NEWS BRIEF Pakistani lawmakers unanimously approved Thursday legislation to stiffen the penalty for honor killings by removing a loophole that previously allowed those convicted to walk free.
“Laws are supposed to guide better behavior, not allow destructive behavior to continue with impunity,” Sughra Imam, a former senator and author of the bill, said of the law.
Pakistani law previously allowed those convicted of honor killings to walk free if they are pardoned by the victim’s family. Under the new legislation, which first passed the senate in March, those convicted who are also facing the death penalty may be pardoned by the victim’s loved ones, though they will still face a mandatory life sentence in prison, which in Pakistan is 12 ½ years.
The country’s parliament also passed a law on rape that would enforce a mandatory 25-year prison sentence to those convicted.
The law’s passage follows the high-profile killing in July of Qandeel Baloch, a singer and Internet star who gained fame for her outspoken presence on social media, where she often challenged conservative elements of Pakistani society and urged women to combat cultural norms. Baloch’s death is being investigated as an honor killing and her brother has been arrested in connection with the crime.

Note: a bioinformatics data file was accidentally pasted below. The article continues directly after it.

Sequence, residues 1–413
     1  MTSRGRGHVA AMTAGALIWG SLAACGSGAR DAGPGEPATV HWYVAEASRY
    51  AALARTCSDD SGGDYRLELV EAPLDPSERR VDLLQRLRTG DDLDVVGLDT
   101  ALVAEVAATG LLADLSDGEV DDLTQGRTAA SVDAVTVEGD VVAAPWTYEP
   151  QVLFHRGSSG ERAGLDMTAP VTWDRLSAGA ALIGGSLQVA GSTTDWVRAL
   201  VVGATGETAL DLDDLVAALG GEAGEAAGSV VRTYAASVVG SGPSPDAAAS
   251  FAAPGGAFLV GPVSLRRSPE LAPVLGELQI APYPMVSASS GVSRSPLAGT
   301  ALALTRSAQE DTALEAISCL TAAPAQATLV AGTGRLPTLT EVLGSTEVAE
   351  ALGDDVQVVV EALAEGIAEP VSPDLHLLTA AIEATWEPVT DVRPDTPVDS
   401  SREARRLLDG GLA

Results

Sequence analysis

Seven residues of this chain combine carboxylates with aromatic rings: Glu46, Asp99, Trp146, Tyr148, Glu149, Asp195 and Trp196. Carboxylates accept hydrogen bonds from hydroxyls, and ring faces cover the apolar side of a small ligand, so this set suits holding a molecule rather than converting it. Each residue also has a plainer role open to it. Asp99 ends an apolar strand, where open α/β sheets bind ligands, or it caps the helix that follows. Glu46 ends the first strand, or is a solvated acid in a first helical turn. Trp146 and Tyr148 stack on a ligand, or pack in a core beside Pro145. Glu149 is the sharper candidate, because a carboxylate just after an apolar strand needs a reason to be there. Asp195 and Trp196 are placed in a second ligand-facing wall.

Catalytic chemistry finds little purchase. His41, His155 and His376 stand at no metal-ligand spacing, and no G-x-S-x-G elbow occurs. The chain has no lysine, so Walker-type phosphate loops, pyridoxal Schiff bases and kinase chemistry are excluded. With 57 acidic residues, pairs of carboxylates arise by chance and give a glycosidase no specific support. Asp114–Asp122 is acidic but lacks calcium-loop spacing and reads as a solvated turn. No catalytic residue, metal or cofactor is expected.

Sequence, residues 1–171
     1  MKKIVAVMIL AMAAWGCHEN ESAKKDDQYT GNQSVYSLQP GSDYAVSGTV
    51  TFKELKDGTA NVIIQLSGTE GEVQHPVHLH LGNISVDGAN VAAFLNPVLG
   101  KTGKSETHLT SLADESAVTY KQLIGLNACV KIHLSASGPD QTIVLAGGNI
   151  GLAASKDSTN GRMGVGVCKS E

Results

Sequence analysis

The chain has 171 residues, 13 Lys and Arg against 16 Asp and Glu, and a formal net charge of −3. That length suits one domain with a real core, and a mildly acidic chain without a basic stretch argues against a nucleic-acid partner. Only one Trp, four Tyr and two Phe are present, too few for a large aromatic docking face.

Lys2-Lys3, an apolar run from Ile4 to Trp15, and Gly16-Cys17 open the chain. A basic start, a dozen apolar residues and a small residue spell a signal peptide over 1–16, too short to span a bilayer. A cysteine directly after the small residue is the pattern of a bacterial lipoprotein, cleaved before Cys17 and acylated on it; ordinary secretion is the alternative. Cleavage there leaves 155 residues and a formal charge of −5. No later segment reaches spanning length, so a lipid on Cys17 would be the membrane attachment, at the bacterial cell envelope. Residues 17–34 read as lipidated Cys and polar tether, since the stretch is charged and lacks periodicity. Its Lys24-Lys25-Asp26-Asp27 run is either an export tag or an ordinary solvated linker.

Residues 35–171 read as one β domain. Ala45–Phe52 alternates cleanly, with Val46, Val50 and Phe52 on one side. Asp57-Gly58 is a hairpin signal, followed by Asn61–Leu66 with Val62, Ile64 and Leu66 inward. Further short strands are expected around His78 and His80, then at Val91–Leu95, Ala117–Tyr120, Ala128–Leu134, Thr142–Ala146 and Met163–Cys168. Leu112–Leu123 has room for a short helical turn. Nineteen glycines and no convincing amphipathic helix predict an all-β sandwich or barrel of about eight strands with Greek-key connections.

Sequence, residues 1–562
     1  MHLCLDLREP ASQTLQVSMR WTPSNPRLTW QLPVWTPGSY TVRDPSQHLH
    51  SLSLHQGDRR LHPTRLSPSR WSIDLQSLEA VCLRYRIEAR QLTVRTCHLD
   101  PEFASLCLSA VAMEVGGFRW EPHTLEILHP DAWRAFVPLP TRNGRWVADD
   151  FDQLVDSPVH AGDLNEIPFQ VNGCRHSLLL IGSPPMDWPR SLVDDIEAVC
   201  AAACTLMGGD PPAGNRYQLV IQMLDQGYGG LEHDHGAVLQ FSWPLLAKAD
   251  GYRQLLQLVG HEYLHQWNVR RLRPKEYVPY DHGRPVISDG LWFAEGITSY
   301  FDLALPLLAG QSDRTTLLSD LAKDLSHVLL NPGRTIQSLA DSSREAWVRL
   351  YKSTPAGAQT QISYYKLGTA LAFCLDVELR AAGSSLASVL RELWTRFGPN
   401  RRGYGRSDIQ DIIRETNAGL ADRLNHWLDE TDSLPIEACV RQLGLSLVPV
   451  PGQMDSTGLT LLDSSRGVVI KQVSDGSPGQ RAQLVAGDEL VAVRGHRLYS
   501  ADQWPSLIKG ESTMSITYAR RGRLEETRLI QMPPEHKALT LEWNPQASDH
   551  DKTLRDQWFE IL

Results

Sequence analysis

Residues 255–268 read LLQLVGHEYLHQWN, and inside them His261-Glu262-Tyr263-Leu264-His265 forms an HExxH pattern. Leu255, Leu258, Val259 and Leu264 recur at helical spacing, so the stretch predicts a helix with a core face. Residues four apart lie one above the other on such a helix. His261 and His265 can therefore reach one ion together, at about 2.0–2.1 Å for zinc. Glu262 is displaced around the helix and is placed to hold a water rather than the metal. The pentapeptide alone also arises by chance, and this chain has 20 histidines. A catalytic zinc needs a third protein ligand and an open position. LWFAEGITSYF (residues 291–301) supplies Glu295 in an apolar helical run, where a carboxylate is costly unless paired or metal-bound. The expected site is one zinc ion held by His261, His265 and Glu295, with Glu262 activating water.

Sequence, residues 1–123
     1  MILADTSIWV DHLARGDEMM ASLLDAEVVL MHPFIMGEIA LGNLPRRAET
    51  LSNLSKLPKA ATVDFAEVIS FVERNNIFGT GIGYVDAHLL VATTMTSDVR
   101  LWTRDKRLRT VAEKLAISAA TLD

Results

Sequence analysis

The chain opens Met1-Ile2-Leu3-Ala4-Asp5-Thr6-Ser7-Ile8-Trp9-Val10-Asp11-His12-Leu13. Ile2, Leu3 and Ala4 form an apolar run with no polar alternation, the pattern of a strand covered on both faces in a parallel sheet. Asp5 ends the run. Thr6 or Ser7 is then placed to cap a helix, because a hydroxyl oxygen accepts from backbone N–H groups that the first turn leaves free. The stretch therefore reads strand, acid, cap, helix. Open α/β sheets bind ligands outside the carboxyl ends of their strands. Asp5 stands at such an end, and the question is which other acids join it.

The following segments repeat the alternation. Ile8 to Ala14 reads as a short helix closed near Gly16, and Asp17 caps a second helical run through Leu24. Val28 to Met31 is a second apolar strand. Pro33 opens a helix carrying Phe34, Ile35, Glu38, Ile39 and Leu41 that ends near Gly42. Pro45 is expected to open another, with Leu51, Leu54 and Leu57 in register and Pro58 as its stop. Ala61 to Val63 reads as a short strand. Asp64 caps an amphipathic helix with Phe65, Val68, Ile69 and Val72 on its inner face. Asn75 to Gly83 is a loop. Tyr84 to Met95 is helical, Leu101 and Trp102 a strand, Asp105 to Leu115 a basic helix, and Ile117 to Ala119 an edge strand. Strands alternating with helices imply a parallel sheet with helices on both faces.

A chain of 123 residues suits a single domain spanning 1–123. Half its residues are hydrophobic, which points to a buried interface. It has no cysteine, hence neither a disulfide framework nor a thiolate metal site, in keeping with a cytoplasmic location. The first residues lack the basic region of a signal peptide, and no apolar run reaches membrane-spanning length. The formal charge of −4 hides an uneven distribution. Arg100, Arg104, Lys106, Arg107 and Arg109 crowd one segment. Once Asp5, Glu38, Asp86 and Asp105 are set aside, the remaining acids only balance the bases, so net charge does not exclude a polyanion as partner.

More than 1,000 women were killed in honor killings in Pakistan in 2015, according to the Human Rights Commission of Pakistan, though the figure may be higher as not all honor killings are reported. The issue received international attention following the release of A Girl in the River, a documentary about honor killings in Pakistan which won the Academy Award for best documentary short in February. Sharmeen Obaid Chinoy, the filmmaker behind documentary, praised Pakistani lawmakers for taking action on the issue.
The anti-Honor killing bill passes in the joint session! I hope now there will no longer any forgiveness in honor killing #pakistan— Sharmeen Obaid (@sharmeenochinoy) October 6, 2016